I by demonstrating your commitment to professionalism and continuing high levels
of competence and development; and
I by providing a platform from which you can network across disciplines and sectors.
CSci benefits the employer…
I by giving assurance of
the competence and professionalism of employees; and
I by showing customers or competitors that staff are practising at the highest level.
CSci benefits the public...
I by creating a single badge of professionalism that the public can recognise across the science professions and beyond; and
I by maintaining and increasing the public’s
trust in scientists through professional standards, codes of conduct and mandatory revalidation.
If you would like to become a Chartered Scientist, you can find application forms and further information about the award at www.bps.org.uk/csci. Any questions? You can contact the Membership Team on 0116 252 9585, or e-mail [email protected].
WHAT DOES CSci MEAN TO YOU?‘Being a behavioural scientist, to apply for CSci was the only way for getting some recognition from my colleagues and peers who do not necessarily know about my scientific work in much detail.’
– Christos Nikopoulos, Chartered Scientist- British Psychological Society
‘Chartered Scientist helped when questioned in a Family Court by
a Barrister about psychology just being common sense. I was able
to refer to the competencies required for registration as a CSci that
I can consistently ‘deal with complex scientific issues, both systematically and creatively, make sound judgements in the absence of complete data and communicate conclusions clearly to specialist and non-specialist audiences.’
– Helen Hart, Chartered Scientist, British Psychological Society
‘I guess I always saw scientists as people working in the lab, not people like me who use all that data. Going for and getting Chartered Scientist really made me think about what science is and how it influences everything in my work.’
– Claire Scannell, Chartered Scientist, Chartered Institution of Water and Environmental Management
‘Recognition. Acceptance. Validation. And keeping in touch with the wider community on developments. Also CSci gives me a platform
to continue to contribute to and influence change.’
– Mike Parrett, Chartered Scientist, Institute of Materials, Minerals and Mining
Doctoral Award 2013 Andreas Jarvstad
Since the early 1970s, the dominant view in psychology, behavioural economics and neuroscience has been that humans are irrational and sub-optimal decision makers. This view is based largely on studies of high-level cognitive decision making. However, in the last 10 years, researchers studying perceptual and perceptuo-motor decision making have come to the opposite conclusion: that decision making is near-optimal.
Thus, it seems that human decision making is characterised by a perception–cognition performance ‘gap’: high-level choices are sub-optimal, whereas low-level choices are near-optimal. By analogy, it is as if our ancestors would have been awful at choosing which prey to hunt (a high-level cognitive task), but excellent at choosing where to put their feet on a rocky ridge (a low-level perceptuo-motor task).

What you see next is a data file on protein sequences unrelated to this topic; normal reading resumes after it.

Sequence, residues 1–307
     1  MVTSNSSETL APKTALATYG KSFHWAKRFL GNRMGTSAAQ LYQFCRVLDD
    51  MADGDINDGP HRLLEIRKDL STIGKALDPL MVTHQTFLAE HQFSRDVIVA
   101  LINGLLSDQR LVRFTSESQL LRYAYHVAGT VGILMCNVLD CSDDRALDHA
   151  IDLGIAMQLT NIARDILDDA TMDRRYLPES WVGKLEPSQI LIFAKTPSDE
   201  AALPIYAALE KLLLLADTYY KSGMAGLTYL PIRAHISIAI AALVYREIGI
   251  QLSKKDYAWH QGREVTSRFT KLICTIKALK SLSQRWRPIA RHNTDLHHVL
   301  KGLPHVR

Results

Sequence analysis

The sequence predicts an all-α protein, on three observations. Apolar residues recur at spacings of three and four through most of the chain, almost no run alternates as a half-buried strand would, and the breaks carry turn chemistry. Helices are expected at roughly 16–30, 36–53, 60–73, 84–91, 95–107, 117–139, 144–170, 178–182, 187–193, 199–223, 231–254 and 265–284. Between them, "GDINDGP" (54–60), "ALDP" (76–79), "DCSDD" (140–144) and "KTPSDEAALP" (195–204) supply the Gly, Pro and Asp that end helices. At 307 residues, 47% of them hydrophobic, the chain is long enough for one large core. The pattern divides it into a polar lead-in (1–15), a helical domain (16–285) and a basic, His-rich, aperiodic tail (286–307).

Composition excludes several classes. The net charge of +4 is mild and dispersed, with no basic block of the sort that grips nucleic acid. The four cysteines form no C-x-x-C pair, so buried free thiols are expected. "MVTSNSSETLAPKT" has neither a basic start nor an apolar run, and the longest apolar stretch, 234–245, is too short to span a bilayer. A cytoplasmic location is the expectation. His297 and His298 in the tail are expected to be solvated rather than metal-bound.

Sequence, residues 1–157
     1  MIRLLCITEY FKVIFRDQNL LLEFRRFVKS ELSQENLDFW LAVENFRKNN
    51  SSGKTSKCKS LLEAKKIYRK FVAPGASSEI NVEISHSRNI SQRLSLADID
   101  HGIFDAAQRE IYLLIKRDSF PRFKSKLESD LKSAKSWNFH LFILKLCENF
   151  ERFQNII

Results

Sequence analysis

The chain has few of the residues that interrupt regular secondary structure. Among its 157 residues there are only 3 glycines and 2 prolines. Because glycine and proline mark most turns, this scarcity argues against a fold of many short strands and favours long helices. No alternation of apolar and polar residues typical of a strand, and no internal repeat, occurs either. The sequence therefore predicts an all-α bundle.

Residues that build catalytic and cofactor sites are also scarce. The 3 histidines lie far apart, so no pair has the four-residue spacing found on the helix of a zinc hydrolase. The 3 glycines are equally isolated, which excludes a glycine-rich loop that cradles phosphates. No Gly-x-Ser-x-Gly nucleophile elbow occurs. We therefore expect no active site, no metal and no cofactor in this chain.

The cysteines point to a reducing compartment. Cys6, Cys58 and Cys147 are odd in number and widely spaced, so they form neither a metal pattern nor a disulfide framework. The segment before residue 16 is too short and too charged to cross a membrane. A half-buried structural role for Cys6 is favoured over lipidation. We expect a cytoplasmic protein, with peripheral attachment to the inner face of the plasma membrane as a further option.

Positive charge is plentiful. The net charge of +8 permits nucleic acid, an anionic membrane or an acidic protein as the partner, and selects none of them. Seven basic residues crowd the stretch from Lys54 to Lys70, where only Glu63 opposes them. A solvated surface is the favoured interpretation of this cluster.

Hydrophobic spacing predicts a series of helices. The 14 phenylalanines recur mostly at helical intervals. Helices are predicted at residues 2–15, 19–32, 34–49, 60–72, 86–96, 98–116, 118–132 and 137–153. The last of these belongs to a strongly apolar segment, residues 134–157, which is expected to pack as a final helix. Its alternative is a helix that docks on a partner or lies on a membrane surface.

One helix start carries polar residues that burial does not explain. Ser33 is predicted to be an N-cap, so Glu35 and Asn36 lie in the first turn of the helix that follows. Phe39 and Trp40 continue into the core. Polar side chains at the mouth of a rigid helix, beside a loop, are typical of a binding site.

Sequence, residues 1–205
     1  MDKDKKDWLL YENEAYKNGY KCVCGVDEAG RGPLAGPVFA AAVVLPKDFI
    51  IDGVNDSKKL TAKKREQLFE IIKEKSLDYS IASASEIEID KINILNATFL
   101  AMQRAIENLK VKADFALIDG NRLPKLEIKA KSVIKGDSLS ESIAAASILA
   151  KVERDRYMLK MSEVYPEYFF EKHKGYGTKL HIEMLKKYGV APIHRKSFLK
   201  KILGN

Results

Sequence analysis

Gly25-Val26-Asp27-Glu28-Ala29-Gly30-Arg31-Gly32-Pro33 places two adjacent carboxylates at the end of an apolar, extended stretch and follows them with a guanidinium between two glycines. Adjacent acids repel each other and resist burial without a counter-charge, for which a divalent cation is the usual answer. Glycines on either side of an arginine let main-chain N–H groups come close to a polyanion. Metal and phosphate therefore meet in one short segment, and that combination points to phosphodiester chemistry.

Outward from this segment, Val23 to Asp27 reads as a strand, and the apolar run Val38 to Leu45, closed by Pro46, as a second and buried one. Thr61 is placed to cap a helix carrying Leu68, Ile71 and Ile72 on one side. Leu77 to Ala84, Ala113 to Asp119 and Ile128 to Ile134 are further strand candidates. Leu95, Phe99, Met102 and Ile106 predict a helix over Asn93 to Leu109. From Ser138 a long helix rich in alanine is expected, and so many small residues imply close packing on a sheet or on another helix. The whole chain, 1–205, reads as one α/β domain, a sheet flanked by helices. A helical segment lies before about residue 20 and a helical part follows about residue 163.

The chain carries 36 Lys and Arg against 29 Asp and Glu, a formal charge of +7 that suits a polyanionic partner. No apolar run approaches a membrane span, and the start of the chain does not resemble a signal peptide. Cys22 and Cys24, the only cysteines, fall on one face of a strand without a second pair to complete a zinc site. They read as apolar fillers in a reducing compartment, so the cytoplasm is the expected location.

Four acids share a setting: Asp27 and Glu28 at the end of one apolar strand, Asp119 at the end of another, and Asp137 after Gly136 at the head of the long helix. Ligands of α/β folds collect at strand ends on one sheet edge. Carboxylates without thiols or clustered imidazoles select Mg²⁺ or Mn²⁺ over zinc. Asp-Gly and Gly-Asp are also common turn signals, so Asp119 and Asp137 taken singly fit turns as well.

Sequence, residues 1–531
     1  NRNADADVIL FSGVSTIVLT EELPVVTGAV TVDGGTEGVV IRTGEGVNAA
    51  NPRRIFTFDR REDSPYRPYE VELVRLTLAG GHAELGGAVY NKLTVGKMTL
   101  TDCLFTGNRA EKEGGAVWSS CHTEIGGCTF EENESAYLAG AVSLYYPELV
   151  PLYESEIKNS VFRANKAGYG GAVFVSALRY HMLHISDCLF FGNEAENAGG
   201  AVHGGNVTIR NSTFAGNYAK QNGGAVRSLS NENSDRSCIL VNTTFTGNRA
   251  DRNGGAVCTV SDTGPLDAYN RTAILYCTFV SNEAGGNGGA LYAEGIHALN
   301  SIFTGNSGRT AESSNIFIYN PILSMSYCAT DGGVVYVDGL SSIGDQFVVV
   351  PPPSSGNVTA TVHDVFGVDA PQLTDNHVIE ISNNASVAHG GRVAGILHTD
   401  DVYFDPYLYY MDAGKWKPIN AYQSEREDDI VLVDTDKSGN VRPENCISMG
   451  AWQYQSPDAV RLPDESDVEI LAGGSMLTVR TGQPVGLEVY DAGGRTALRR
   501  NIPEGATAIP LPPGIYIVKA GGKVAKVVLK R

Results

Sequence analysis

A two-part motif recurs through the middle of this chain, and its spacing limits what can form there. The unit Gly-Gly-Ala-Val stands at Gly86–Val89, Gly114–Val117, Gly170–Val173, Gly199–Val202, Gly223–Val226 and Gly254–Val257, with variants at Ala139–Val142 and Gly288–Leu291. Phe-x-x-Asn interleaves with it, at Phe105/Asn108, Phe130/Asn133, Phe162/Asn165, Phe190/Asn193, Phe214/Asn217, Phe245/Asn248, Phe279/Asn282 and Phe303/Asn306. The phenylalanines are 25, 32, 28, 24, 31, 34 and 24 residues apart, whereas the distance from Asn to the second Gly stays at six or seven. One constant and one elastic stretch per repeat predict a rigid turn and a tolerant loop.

The Research Board’s Award for Outstanding Doctoral Research Contributions to Psychology recognises Dr Andreas Jarvstad’s doctoral work exploring the apparent perception–cognition gap. His work utilised computational modelling and experimental work, combining methods from cognitive psychology and psychophysics. The work suggests not only that the perception–cognition gap is illusory but also that human decision making is in fact very good (though not perfect). Thus, the work provides evidence against the views: (a) that human cognitive decision making is poor and (b) that low-level decisions are better than high-level decisions.
Andreas’ nomination was based on two papers: ‘Perceptuo-motor, cognitive, and description-based decision-making seem equally good’ (PNAS) and ‘Knowing when to move on: Cognitive and perceptual decisions in time’ (Psychological Science). The nominee, Dr Simon K. Rushton from Cardiff University, one of Andreas’ former PhD supervisors, said: ‘Andreas is the complete psychological scientist; he has the ability to understand and assess broad theoretical ideas, to scrutinise technical details, to design clever experiments and sensitive analyses, programming and computational modelling skills, and he writes clear and insightful papers.’
Andreas is currently a Research Associate on a large interdisciplinary decision-making project at Bristol University. He said: ‘It’s a great honour and an absolute delight to receive this award. It is wonderful to see, and be part of, the rejuvenated interest in decision making in psychology, and I very much look forward to presenting this work to the Society’s 2015 Annual Conference.’ The award also includes £500 and a commemorative certificate.
Would you like to be an Associate Fellow?
Becoming an Associate Fellow (AFBPsS) of the Society is a useful way to demonstrate years of experience, competence and contribution to the field. Members should have received an e-mail or letter in May explaining how to apply. There’s no need for proposers or original documents as eligibility is based on time spent working in the field of psychology.
For more information go to www.bps.org.uk/associatefellow